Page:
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This calculator estimates the impedance and equivalent series inductance of rectangular cross section ferrite toroid cored inductors at HF.
SVN:
The calculator does not do a lot of error checking, if you enter nonsense, it will produce nonsense. NaN means not a number, check the input values.
The model used is of a simple parallel resonant circuit to represent the inductance of the turns, loss due to core losses as implied by complex permeability, and equivalent stray capacitance. The calculator does not model dimensional resonance effects that occur in some ferrite materials (other than to the extent captured by µ', µ'').
Inductors exhibit a self resonance, the effect of which can be estimated by shunting the calculated series R,Xl with an equivalent capacitance, usually in the region of 2 to 10pF (depending on the physical layout, turns spacing etc).
The calculator assumes sharp corners on the toroid, radiused corners will reduce impedance and Leq somewhat. An approximation of 45° chamfered corners can be obtained by specifying the length of the chamfer. Conductor loss is ignored as for most practical ferrite cored inductors at RF, the core losses often dwarf copper loss.
Input field  Meaning 
Frequency  The frequency at which to calculate Xl and R 
OD  OD of the torus 
ID  ID of the torus 
Width  Width of the torus 
µ'  Real part of the complex relative permeability 
µ''  Imaginary part of the complex relative permeability 
Turns  Number of turns 
Cs  Estimated equivalent stray capacitance 
To calculate the impedance of choke of 11 turns on a FT24043 core at 3.5MHz, we firstly need to determine µ' and µ'' at 3.6MHz from the manufacturer's data.
Fig 1 from the Fairrite data book shows the complex permeability of #43 mix. At 3.6MHz, µ'=470 and µ''=224.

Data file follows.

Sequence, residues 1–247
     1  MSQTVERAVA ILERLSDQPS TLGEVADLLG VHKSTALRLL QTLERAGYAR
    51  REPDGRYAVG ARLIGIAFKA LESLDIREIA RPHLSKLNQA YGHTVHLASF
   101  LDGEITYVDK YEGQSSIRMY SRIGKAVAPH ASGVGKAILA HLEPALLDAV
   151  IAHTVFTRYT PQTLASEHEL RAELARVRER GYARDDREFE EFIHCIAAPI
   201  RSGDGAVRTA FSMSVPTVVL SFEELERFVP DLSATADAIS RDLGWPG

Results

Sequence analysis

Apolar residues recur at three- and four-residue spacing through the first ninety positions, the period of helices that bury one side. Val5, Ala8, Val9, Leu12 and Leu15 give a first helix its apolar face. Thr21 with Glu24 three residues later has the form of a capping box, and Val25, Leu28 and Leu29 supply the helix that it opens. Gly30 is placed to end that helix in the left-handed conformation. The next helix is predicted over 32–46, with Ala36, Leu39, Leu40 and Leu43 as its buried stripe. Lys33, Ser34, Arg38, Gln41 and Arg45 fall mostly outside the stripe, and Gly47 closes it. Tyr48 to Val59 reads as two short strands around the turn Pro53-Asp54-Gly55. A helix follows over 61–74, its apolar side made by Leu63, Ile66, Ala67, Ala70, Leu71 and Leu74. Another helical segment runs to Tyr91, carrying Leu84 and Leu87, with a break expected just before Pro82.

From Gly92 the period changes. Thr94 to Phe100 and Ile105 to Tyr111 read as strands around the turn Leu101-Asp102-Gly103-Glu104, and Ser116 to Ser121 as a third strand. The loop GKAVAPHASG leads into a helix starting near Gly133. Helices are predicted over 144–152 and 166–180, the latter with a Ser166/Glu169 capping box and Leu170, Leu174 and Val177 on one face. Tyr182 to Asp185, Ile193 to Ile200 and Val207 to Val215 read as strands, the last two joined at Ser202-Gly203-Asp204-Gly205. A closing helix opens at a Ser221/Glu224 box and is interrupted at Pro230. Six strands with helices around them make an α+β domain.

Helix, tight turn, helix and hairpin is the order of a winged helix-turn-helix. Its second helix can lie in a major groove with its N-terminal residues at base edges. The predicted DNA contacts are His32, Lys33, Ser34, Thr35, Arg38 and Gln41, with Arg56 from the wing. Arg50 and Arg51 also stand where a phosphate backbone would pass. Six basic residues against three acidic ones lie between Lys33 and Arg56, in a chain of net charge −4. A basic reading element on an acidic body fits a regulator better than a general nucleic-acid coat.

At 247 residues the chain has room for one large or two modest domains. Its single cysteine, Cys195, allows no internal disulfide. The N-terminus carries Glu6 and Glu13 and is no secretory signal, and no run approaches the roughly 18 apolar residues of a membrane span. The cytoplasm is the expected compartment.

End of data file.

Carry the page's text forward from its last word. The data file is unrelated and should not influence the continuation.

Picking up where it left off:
An FT240 core has OD=61mm, ID=35.6mm, Width=12.7mm.
Lets say Cs was 2pF.
Plugging these values into the calculator, you should get Z=998+j1870Ω and Leq=82.7µH (so Q=Xl/R=1.87).
Note that lots of calculators would give a result based on µ_{i}, the Initial Permeability at low frequencies, 800 for #43 mix, but the graph shows that such a calculation is only valid up to about 600kHz for #43 material.
Freq (MHz)  31  43  52  61  67  73  F14  
µi=1500  µi=800  µi=250  µi=125  µi=40  µi=2500  µi=220  
µ'  µ''  µ'  µ''  µ'  µ''  µ'  µ''  µ'  µ''  µ'  µ''  µ'  µ''  
1.8  1167.2  702.1  609.8  149.3  272.3  4.0  120.3  0.3  40.6  0.1  1540.4  1315.4  219  2 
3.6  657.7  677.9  470.2  224.0  278.7  7.8  120.6  0.6  40.3  0.1  839.9  1057.1  235  4 
7.1  359.1  476.1  332.0  228.0  305.2  73.8  123.4  1.2  40.2  0.1  457.4  803.3  265  36 
10.1  275.3  385.3  259.7  220.4  258.2  138.7  127.4  2.1  40.3  0.1  296.7  685.7  257  89 
14.2  223.4  323.8  201.2  204.3  186.8  151.2  136.8  6.2  40.5  0.1  157.9  562.0  222  111 
18.1  187.9  284.9  159.9  189.3  150.8  138.8  150.8  20.1  40.8  0.1  86.2  458.8  189  117 
21.2  165.2  262.4  135.3  179.4  132.2  126.8  153.7  41.5  40.9  0.1  49.4  396.2  172  121 
24.9  144.6  241.0  113.7  168.7  118.0  116.8  140.7  64.9  41.2  0.1  25.0  336.2  157  124 
28.5  129.2  224.5  97.5  158.4  107.2  109.4  124.5  76.6  41.4  0.1  8.8  289.8  146  126 
Table 2 give interpolated values for µ' and µ'' for some common mixes at spot frequencies in the HF ham bands.
The calculator can be applied to powdered iron cores, but differently to ferrite, the complex permeability is not usually published (enter it as zero, and R cannot be calculated), and µ' tends to be less frequency sensitive at HF than most ferrite mixes.
Experience is that measured Q of powdered iron cores at HF does not reconcile with Micrometals' formulas given for loss of #2 and #6 materials. Calculators that depend on those formulas are also wrong.
Version  Date  Description 
1.01  31/05/2012  Initial. 
1.02  25/01/21  Added chamfer. 
1.03  
1.04  
1.05 
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